Christ Our Example in True Courtesy.

Diapositiva4
Dios tornará tus Heridas en Estrellas
09/07/2014
Diapositiva3
God’s Law Is The Law Of Love
07/07/2015

Christ Our Example in True Courtesy.

Diapositiva1

Be ye all of one mind, having compassion one of another, love as brethren, be pitiful, be courteous. 1 Peter 3:8.{RC 30.1}
Those who work for Christ are to be upright and trustworthy, firm as a rock to principle, and at the same time kind and courteous. Courtesy is one of the graces of the Spirit. To deal with human minds is the greatest work ever given to man; and he who would find access to hearts must heed the injunction, “Be pitiful, be courteous.” Love will do that which argument will fail to accomplish. But a moment’s petulance, a single gruff answer, a lack of Christian politeness and courtesy in some small matter, may result in the loss of both friends and influence.{RC 30.2}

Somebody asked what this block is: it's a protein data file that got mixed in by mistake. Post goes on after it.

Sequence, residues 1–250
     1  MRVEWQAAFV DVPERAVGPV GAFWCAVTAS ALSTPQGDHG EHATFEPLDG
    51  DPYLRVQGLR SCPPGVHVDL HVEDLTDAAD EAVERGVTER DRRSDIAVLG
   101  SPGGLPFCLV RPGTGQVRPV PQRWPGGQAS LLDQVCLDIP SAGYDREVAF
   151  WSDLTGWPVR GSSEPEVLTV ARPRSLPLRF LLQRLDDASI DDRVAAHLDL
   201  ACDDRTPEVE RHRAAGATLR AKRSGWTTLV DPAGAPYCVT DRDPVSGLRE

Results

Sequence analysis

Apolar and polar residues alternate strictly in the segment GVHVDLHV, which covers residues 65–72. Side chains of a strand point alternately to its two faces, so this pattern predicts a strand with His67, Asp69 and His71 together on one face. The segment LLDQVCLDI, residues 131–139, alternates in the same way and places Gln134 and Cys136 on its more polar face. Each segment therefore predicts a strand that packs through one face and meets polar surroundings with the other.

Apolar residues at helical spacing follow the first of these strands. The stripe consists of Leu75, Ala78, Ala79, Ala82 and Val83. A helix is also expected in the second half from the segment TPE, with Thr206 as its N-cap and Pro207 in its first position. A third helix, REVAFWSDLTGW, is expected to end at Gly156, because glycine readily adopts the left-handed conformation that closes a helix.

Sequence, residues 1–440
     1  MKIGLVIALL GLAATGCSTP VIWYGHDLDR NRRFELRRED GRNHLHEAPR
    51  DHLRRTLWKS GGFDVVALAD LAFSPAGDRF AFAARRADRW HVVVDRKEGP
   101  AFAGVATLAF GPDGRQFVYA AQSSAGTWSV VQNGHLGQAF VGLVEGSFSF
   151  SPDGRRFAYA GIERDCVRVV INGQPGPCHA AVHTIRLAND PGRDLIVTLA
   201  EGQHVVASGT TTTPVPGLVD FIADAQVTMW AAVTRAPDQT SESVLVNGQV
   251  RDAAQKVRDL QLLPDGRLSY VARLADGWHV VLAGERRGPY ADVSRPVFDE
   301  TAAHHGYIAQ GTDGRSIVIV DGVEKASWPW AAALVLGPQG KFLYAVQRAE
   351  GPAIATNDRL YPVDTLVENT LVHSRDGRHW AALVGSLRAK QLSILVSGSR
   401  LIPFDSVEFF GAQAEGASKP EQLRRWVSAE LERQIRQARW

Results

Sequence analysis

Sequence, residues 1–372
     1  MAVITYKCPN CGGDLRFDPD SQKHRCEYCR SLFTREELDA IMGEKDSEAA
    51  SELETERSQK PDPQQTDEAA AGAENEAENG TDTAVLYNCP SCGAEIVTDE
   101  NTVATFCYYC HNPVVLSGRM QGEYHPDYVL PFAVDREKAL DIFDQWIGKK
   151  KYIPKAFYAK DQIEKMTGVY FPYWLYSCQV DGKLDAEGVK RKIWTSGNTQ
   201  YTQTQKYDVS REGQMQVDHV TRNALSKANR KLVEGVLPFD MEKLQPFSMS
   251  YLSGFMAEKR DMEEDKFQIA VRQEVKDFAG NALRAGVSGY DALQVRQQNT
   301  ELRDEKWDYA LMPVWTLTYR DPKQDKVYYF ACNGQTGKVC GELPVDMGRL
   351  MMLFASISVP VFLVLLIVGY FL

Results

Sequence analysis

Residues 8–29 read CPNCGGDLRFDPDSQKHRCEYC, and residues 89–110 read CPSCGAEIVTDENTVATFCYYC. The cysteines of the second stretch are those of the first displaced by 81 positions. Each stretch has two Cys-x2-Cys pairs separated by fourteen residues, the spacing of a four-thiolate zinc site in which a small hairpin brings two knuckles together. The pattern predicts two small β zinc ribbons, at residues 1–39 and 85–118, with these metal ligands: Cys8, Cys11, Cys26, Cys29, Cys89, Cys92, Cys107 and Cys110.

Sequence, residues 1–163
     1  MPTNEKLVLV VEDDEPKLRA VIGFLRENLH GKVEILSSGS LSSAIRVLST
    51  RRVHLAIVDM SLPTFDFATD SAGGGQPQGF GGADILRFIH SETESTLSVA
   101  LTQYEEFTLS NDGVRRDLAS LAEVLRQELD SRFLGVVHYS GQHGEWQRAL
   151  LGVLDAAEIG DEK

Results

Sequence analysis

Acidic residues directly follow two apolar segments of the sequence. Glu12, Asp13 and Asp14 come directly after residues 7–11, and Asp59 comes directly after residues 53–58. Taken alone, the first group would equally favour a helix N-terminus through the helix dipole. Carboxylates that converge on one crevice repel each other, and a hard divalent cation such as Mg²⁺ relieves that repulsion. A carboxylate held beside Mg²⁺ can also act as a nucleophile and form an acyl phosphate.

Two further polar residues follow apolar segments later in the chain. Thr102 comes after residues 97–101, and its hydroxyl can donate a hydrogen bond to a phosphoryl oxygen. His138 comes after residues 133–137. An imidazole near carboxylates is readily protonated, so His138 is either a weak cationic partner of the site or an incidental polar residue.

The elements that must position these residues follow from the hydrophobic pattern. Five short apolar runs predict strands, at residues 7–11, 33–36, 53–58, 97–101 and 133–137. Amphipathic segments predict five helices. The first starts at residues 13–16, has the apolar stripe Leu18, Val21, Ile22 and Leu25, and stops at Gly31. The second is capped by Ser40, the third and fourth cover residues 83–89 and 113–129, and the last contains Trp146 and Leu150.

What Christ was on this earth, the Christian worker should strive to be. He is our example, not only in His spotless purity, but in His patience, gentleness, and winsomeness of disposition. His life is an illustration of true courtesy. He had ever a kind look and a word of comfort for the needy and the oppressed. His presence brought a purer atmosphere into the home. His life was a leaven working amid the elements of society. Pure and undefiled, He walked among the thoughtless, the rude, the uncourteous; among unjust publicans, unrighteous Samaritans, heathen soldiers, rough peasants, and the mixed multitude. He spoke a word of sympathy here and a word there. As He saw men weary, and compelled to bear heavy burdens, He shared their burdens, and repeated to them the lessons He had learned from nature, of the love, the kindness, the goodness of God. He sought to inspire with hope the most rough and unpromising, setting before them the assurance that they might attain such a character as would make them manifest as children of God.{RC 30.3}